(Note DTG:) This was the sample piece submitted by “Brian of the North” to sub for Juliette “Baldilocks” as she can’t write here till Jan 1st due to the AB5 restrictions in California till the end of the year. I thought it was good enough to post so here is your introduction to the latest member of our Magnificent Seven. If you like what you see let me know and we will, subject to the limits of AB5 as he is also from California, keep him as a regular after Jan 1st as well!
Chicago removed its last Christopher Columbus statues the other day. The statue had been on display in the City of Big Shoulders for 130 years. At least, in a nod to civilized behavior (remember that?), it was the mayor who ordered the statue removed, not the mob.
The mob, though was behind it, and objected that Columbus mistreated the indigenous people of the Americas, and so was unworthy of admiration. Columbus statues were also recently removed from or vandalized in Sacramento, Richmond, Providence, Pittsburgh, Miami, Boston, and, of course, Columbus. Along with numerous statues or monuments to Confederate soldiers, statues of Ponce de Leon and George Washington were also vandalized by the thoughtless mob.
The mob understands that statues represent a society’s heroes, those individuals the society has deemed worth remembering and literally looking up to. But what those brainless goons fail to understand is why Columbus, Washington, and de Leon are worthy heroes.
Heroes are admired for their accomplishments, not their failings. We understand people are imperfect. But we admire certain people for what they managed to accomplish, despite living in a world filled with the same idiots we all deal with every day. And while we should consider their failings, we should only to the extent those failings exceed the normal failings of humans of that era. Washington held slaves? Understood, but then, humans had owned other humans as slaves in a continuous line from that era back to the time of the caveman, so maybe that failing wasn’t so extraordinary.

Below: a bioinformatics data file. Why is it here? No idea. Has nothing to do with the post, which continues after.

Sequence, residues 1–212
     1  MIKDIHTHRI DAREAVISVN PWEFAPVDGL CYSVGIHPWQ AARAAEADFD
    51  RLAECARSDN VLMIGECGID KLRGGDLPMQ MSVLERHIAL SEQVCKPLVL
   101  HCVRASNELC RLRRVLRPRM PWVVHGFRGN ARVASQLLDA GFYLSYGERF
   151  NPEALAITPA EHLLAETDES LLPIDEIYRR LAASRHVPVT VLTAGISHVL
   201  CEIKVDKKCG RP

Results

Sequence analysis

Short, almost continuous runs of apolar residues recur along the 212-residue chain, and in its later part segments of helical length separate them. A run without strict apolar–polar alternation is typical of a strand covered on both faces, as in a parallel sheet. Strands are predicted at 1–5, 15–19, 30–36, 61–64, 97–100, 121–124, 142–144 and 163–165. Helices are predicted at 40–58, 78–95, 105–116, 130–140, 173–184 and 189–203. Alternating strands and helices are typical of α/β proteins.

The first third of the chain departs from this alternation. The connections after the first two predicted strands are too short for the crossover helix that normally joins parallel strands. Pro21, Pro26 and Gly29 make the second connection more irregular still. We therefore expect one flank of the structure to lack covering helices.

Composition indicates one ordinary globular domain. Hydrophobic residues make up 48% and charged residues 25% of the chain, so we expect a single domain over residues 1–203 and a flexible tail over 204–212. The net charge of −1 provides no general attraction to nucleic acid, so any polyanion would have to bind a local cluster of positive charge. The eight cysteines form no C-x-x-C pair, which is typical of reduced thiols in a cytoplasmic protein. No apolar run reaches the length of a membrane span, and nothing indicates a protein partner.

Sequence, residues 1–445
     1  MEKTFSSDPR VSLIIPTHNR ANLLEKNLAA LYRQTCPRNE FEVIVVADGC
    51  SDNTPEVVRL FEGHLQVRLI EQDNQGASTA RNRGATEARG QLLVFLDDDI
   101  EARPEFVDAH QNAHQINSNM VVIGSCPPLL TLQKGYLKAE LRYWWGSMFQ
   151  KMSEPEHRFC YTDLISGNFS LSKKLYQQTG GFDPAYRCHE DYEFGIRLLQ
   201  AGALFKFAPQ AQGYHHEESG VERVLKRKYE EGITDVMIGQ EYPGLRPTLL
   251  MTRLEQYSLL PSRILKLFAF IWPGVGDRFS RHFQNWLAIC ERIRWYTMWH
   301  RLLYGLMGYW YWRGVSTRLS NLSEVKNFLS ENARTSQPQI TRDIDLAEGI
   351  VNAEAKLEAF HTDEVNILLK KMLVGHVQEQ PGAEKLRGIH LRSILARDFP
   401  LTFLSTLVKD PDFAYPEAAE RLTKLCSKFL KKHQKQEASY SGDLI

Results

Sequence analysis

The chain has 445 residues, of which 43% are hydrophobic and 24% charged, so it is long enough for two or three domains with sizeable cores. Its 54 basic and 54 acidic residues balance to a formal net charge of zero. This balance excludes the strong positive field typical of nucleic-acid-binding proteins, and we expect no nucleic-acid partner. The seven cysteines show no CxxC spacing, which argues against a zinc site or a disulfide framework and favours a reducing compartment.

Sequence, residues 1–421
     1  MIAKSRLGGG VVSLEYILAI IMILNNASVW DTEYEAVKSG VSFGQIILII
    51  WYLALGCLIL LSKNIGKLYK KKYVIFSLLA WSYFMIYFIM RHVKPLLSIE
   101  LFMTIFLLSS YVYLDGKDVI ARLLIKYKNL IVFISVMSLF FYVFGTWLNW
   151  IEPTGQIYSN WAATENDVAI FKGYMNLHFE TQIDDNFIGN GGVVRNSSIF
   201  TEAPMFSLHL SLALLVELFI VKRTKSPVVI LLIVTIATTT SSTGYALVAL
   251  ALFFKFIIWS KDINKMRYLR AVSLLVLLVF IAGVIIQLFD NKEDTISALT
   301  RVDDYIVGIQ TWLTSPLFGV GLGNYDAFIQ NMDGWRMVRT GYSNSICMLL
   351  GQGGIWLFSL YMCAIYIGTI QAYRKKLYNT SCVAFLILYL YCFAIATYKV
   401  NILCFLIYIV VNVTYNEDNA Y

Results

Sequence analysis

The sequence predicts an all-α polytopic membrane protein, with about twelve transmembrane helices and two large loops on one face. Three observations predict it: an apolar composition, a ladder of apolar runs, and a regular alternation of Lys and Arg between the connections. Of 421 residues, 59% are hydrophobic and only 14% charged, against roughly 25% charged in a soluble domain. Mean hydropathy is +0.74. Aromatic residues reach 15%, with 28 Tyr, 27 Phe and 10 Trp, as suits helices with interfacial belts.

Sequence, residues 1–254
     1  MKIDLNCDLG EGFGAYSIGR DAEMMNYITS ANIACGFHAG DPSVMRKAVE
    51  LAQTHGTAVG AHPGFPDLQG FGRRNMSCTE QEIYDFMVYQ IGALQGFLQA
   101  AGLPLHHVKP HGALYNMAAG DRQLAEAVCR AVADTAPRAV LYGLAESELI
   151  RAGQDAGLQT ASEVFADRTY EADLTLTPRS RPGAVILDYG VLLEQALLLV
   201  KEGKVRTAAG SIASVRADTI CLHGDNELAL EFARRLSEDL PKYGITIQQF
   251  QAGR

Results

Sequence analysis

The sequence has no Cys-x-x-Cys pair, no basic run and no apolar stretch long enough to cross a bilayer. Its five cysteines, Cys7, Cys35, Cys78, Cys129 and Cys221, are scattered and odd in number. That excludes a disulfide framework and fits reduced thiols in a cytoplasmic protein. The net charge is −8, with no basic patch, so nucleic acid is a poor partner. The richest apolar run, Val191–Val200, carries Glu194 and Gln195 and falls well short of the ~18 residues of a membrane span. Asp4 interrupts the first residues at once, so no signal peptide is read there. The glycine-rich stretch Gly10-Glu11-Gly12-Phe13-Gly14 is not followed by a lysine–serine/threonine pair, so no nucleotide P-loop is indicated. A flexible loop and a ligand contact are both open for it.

As for Washington’s accomplishments? Let’s not turn this article into a listicle.
Likewise, Columbus’s failing of mistreatment of the indigenous people, while worth criticism, certainly was not so extraordinary to the era. And the indigenous peoples were no angels themselves, and mistreated others of different tribes in ways that would make Tarantino blush. But the accomplishment of sailing the Atlantic into the unknown, and finding the Americas, transformed Europe, transformed the Americas, transformed the world.
Society needs heroes – real life heroes, who accomplished big things in real life. By showing people what was possible then, we inspire people to dream what might be possible tomorrow. And by holding these heroes to impossible standards, we blind our own selves to that same inspiration.
You don’t think Columbus still inspires? Did you watch the Space X landing last weekend?